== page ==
Recy Taylor’s story was not part of this hidden history. As a 24 year old she was gang raped by six white man in 1944 in a small rural Alabama town. Mrs. Taylor spoke up and bravely identified her rapists.

The National Association for the Advancement of Colored People, the NAACP, sent Rosa Parks, later of the 1955 Montgomery Alabama bus boycott fame, down to investigate and build a movement to shine a public spotlight on the crime.

She rallied support and triggered an unprecedented outcry for justice. It ultimately was a failed effort. Despite widespread publicity in the black press including newspapers in New York City, Detroit, and Philadelphia plus a massive letter writing campaign which put pressure on the Alabama Governor, two grand juries failed to indict the rapists and an Alabama assistant attorney general issued a report exonerating the criminals.

This is the focal point of a new film titled The Rape of Recy Taylor, written, directed and produced by Nancy Buirski. It recently had its North American premiere at the New York Film Festival.

Guest – Nancy Buirski joins us in the studio. The film won an award at the 74th Venice International Film Festival. Nancy has directed, written, and produced a number of award-winning films and is a member of the American Academy of Motion Picture Arts and Sciences. First look at Nancy Buirski’s documentary. Nancy’s Facebook page. Here is the Facebook documentary link

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Puerto Rico Hurricane Aftermath – Natasha Lycia Ora Bannan

Puerto Rico is the only remaining U S. colony in the western hemisphere. 3.5 million people live on the island. They lack representatives in Congress and the population is barred from voting in the US presidential elections. Although it is $73 billion in debt to American banks,by law it is unable to declare bankruptcy and restructure its debt. President Donald Trump said that the impact of Maria was partly the fault of Puerto Rico falling into a giant amount of debt that it has not repaid. With an already stressed out infrastructure the island in the past three weeks was hit by two extremely powerful hurricanes. Electricity and cell service are down, people are drinking water out of creeks, they have little fuel, little food, and the mayor of San Juan Carmen Yulin Cruz is sleeping on a cot. The mounting death toll is presently at 34.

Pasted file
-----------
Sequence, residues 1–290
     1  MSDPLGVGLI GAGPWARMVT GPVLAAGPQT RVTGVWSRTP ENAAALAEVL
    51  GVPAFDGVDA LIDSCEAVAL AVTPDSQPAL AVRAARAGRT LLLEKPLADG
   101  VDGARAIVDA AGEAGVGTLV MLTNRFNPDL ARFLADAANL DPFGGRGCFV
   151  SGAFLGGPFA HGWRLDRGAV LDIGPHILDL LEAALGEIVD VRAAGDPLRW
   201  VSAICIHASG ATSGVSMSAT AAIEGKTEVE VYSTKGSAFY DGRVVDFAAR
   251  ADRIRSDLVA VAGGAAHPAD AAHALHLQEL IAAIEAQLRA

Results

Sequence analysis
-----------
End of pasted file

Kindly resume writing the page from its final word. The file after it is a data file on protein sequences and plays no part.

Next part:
President Trump accused the San Juan mayor of “poor leadership“ after she criticize the American government for not helping Puerto Rico enough after Hurricane Maria. He said she was “a politically motivated ingrate.” Then he barred her from participating in a group phone call to talk about relief, telling her she could listen but not speak. He accused the Puerto Rican people of being lazy, saying that “they want everything done for them.”

Guest – Attorney Natasha Lycia Ora Bannan, Puerto Rican President of the National Lawyers Guild. She has recently returned from Cuba, which also suffered severely from hurricane Maria, but responded in a much more effective way. Support Puerto Rico to drive donations to the Hurricane Maria Relief and Recovery Fund at www.mariafund.org, set up by Puerto Rican attorney, Xiomara Caro.

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Law and Disorder October 2, 2017


Puerto Rico Disaster Recovery, The Jones Act And Federal Aid

The devastation to Puerto Rico from Hurricane Maria has been likened to the impact of an atomic bomb, destroying the U.S. territory, and leaving nearly 3.5 million U.S citizens without power, limited access to food and water, and a collapsed infrastructure. Donald Trump was quick to blame the island nation for its problems, even highlighting its financial debt to Wall Street.

Puerto Rico has a history of struggling for federal aid for natural disasters contrasted with those on the mainland. The White House response to much-needed funding post-Maria is to wait for a “full assessment” and “fact-finding” process. Early reinforcements from the Federal Emergency Management Agency (FEMA) are appalling, if nonexistent: Diesel fuel for generators is scarce. Towns outside metro areas are unreachable. Hospitals can’t treat patients. Streets are flooded, looting is rampant, highways destroyed. The National Guard, FEMA, Red Cross or federal vehicle have yet to be spotted on the island. None of this is new.